Phase-Change Memory or PCM is a new technology being explored by several companies. This technology fits between today’s volatile and nonvolatile memory technologies to provide features that appeal to system designers who for years have had to work around the idiosyncrasies of existing memory technologies.
PCM is simple enough to use that designers can begin to forget all the strange work-arounds they now must use to design NOR or NAND flash into their systems, recognizing some significant improvements in time to market that often are joined by related improvements in performance, cost, and code density.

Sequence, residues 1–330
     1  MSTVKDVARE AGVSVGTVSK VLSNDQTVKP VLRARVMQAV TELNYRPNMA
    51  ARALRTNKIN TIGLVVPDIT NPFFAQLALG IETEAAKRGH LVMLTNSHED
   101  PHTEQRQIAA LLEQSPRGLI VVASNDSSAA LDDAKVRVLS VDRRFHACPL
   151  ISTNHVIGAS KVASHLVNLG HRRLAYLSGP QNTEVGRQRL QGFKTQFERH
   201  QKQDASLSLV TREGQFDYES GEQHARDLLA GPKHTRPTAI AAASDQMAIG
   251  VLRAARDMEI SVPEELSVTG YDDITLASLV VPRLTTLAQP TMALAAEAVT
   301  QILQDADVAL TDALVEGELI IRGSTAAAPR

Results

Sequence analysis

In certain cases designers will find it worthwhile to rework existing designs to convert them from flash to PCM. Many designs should also be able to reduce or even eliminate a RAM chip that was once required to compensate for flash’s slow and messy programming protocol.
This white paper goes into some depth about flash work-arounds, none of which are necessary or even useful in a PCMbased system. In the end readers will see that PCM is preferable to established memory technologies by its simplicity which can offer improvements in time-to-market, chip count, software and system complexity, and even power consumption.